Depressive symptoms predict longitudinal change in executive control but not memory

Donald R. Royall, Raymond Palmer, Laura K. Chiodo, Marsha J. Polk

Research output: Contribution to journalArticlepeer-review

37 Scopus citations


Objective Depression in non-demented persons has been identified as a possible risk factor for incident Alzheimer's disease (AD). Methods Latent Growth Curve models were developed of baseline depressive symptoms as a predictor of longitudinal changes in cognition. Depressive symptoms were assessed using the 15-item Geriatric Depression Scale (GDS). Memory was assessed by the California Verbal Learning Task (CVLT). Executive control function (ECF) was assessed by the Executive Interview (EXIT25) and Trail-Making Test Part B (Trails-B). Five hundred forty-seven non-institutionalized older retirees living in a single comprehensive care retirement community participated. Results Depressive symptoms were significantly associated only with the 3-year rate of decline in psychomotor speed, as measured by Trails A, and ECF, as measured by the EXIT25. Both associations withstood adjustment for age, gender, education, and baseline level of care. Conclusions Depressive symptoms are associated with longitudinal decline in cognition. However, this association selectively involves executive control, not memory, and possibly only a subset of 'executive' functions. Although depressive symptoms may hasten conversion from mild cognitive impairment (MCI) to dementia, depression-related conversion is not likely to be mediated by evolution of the AD pathological process.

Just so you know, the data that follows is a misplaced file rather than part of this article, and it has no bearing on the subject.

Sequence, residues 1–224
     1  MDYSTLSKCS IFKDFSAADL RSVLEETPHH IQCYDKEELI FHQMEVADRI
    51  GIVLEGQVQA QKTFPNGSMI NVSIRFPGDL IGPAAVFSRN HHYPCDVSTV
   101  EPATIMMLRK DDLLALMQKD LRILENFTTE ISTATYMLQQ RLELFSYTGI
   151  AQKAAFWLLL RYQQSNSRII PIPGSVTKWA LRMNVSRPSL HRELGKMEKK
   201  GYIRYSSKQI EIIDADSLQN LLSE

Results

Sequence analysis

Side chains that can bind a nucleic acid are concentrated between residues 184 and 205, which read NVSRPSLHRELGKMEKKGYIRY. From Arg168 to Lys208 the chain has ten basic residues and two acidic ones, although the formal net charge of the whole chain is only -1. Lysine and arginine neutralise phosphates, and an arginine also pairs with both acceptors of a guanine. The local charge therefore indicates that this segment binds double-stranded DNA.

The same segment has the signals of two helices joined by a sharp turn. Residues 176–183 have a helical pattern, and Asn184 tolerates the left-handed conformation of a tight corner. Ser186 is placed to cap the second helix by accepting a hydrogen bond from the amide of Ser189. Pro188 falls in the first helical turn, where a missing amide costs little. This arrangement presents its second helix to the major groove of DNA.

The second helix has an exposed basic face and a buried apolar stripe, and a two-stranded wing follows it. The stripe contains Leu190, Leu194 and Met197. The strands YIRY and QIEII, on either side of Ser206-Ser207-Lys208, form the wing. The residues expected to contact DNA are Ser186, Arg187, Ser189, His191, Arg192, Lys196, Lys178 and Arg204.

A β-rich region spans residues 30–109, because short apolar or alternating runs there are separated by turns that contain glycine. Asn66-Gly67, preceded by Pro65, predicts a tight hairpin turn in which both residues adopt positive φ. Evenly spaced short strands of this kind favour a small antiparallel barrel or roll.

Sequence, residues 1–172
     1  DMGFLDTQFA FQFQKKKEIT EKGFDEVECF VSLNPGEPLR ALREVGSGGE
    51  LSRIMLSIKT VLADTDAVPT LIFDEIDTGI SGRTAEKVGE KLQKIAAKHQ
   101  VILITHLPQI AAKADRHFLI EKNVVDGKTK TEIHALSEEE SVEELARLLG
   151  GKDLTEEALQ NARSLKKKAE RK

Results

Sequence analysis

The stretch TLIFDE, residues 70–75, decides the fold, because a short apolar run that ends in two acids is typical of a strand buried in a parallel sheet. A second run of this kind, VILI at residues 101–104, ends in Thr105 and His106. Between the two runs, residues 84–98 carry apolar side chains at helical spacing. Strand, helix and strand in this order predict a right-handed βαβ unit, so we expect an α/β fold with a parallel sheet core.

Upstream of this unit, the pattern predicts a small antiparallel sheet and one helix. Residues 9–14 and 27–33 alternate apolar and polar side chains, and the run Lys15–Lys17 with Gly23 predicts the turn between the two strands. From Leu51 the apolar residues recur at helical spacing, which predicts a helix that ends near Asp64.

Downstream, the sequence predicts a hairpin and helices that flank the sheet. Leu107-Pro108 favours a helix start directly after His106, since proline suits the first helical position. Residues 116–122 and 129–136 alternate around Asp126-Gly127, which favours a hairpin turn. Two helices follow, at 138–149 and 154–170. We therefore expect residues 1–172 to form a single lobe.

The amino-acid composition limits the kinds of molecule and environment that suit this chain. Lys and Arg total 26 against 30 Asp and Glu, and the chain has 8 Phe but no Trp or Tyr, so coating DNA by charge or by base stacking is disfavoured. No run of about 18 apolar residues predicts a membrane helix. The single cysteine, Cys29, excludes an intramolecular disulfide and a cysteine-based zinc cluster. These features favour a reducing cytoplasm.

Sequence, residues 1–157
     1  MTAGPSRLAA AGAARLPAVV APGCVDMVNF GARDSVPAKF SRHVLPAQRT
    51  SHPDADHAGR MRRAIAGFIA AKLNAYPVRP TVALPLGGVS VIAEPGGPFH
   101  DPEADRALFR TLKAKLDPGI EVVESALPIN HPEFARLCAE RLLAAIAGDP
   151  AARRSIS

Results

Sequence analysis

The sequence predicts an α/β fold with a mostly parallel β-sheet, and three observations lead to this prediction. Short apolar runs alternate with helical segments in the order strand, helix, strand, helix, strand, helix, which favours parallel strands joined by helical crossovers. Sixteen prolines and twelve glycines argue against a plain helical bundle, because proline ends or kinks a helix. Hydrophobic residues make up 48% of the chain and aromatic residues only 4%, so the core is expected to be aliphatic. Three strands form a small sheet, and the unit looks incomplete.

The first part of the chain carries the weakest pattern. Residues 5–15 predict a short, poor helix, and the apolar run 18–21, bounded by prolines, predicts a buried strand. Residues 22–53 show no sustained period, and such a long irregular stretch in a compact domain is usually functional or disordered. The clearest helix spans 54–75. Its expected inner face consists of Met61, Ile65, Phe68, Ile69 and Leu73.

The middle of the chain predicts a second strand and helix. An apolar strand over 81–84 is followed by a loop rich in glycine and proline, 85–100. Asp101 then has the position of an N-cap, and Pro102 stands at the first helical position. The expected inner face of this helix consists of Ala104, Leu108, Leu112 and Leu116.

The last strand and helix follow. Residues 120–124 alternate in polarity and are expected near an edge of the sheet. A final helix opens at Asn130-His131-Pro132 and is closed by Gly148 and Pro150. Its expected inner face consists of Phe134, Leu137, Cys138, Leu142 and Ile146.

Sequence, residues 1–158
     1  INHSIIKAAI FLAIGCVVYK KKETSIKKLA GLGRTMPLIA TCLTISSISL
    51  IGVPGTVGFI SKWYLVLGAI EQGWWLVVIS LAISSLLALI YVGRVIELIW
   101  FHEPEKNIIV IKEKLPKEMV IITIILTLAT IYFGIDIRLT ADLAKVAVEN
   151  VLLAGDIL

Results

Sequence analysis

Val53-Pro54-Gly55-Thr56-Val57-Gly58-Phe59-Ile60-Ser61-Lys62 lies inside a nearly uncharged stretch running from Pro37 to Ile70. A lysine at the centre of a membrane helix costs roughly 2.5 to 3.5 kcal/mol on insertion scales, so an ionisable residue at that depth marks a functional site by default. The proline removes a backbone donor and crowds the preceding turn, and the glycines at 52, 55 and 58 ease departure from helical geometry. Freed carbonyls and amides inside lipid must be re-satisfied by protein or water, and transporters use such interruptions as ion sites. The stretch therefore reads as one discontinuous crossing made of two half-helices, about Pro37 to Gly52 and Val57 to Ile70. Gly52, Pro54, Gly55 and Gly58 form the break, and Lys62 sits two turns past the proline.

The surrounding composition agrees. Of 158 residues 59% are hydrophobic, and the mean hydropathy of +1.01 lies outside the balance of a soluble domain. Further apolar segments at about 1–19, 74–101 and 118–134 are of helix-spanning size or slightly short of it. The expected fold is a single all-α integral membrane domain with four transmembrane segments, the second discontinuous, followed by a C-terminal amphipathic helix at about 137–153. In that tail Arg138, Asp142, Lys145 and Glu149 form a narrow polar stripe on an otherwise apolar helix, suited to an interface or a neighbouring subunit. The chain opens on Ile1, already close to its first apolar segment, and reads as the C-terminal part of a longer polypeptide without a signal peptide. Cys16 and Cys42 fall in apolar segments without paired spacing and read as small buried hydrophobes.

Original languageEnglish (US)
Pages (from-to)89-96
Number of pages8
JournalInternational journal of geriatric psychiatry
Issue number1
StatePublished - Jan 2012


  • Alzheimer's disease
  • cognitive disorder
  • depressive disorder
  • older

ASJC Scopus subject areas

  • Geriatrics and Gerontology
  • Psychiatry and Mental health


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